Greetings, my fellow Death Row (D/R) prisoners.
Most of you only know
me from the birthday cards that I and others send out each month to all
I trust that those cards brighten your day in a place where
there isn't many bright spots to speak of, as of late.
Certainly this is
a very trying time here in Texas for D/R prisoners.
I mean, Texas is carrying
out executions with a clarity! (prompt and eager readiness) and what is
so troublesome about this is most Texans seem to have numbed at the pace,
they are so commonplace that they just about proceed unnoticed, like the
space-shuttle. Remember when that used to be a big deal?
And any press
account would get as much space as needed?
Here's a good example: Most of
the old-timers knew Terry Washington and it was common knowledge on the
Row that Terry was mentally retarded and was suffering from the effects
of fetal alcohol syndrome and childhood violence, substance abuse, and
poverty as bad as you'll find.
Unfortunately, Terry was the 31st mentally
retarded prisoner executed in this nation in the past 20 years, according
to the Death Penalty Information Center.
Terry did receive a small group
gathering on the evening of May 6 to protest his execution, but Terry's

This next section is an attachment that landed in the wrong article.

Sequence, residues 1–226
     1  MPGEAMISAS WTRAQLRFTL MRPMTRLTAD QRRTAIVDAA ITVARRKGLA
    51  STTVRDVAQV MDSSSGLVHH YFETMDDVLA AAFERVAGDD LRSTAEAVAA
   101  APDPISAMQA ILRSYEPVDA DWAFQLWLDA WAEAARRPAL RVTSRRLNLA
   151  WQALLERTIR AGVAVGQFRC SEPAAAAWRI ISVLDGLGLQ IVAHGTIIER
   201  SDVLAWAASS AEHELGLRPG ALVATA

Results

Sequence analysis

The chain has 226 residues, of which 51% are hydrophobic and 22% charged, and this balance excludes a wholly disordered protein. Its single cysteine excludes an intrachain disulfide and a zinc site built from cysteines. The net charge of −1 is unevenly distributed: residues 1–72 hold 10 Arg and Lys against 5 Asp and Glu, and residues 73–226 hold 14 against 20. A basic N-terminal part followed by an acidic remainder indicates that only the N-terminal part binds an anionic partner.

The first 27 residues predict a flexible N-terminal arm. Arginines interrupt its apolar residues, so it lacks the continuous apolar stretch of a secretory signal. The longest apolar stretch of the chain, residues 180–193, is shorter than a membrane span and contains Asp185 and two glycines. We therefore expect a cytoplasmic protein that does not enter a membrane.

death passed with just a small amount of press coverage on his case, the
little attention he received was by a news conference held by Capacity
for Justice, an advocacy group for people with disabilities.
was a time I was naive with hope that the mentally retarded prisoners could
have been common ground over the death penalty that both sides "for"
and "against" could agree to draw a line at the execution of
the mentally retarded, and perhaps a ban on all executions.
As for Terry,
being a mentally retarded man was unpardonable.
He was turned down by Governor
George W. Bush.
And the State Board of Pardon and Paroles rejected a request
for a stay or reprieve from Terry's attorneys, as did the U.S. Supreme
Our state lawmakers have worked really hard to see that death row
prisoners are executed fast, and the fruits of the 1995 habeas changes
The Court of Criminal Appeals rejected Terry's habeas petition
because it didn't meet the 1995 law's requirements that a successive writ
contain evidence that was factually unavailable when the first was filed.
I have been watching the law advance sheets (court decisions) for over
four years now.
I saw it coming, no matter what may or may not happen here
in Texas, the next couple of years are going to see lots of executions being carried out.
I most recently read a news article and it mentioned
the state tourist slogan which is usually advertised on CNN News Network,
and it said it would work just as well for the state's criminal justice
system: "Texas", the slogan goes,
"it's like a whole other
Keep the faith as we continue to fight this very unfair